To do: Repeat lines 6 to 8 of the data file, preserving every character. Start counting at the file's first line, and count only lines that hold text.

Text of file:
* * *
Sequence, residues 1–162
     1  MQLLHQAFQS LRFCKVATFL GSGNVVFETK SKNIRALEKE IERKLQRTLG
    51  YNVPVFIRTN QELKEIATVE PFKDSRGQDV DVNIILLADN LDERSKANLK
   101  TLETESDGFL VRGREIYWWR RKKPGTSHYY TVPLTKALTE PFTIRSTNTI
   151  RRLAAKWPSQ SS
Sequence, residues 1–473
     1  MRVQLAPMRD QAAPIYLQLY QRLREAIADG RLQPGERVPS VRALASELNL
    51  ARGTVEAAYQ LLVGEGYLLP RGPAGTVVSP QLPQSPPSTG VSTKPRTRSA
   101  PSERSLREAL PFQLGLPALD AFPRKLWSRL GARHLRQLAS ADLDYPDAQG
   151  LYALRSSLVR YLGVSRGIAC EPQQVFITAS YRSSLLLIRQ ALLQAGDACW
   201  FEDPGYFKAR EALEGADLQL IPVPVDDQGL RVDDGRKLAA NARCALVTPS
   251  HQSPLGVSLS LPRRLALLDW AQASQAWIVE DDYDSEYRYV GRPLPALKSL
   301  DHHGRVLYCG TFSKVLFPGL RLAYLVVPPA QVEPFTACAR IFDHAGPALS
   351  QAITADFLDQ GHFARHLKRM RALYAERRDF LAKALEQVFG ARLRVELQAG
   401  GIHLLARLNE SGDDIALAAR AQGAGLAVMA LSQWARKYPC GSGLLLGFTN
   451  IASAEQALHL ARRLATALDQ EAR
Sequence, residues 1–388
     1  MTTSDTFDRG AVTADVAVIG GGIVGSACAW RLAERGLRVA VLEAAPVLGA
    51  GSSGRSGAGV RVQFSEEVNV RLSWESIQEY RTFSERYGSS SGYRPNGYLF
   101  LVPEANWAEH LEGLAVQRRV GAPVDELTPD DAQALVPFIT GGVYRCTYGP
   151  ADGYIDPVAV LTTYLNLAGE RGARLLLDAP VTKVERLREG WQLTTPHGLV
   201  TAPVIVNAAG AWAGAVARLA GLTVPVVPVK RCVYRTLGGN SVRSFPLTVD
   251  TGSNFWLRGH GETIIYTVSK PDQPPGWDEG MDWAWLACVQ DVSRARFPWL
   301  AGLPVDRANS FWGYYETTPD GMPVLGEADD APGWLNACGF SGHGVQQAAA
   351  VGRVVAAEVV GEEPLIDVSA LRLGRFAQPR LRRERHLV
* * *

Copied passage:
Sequence, residues 1–473
     1  MRVQLAPMRD QAAPIYLQLY QRLREAIADG RLQPGERVPS VRALASELNL
    51  ARGTVEAAYQ LLVGEGYLLP RGPAGTVVSP QLPQSPPSTG VSTKPRTRSA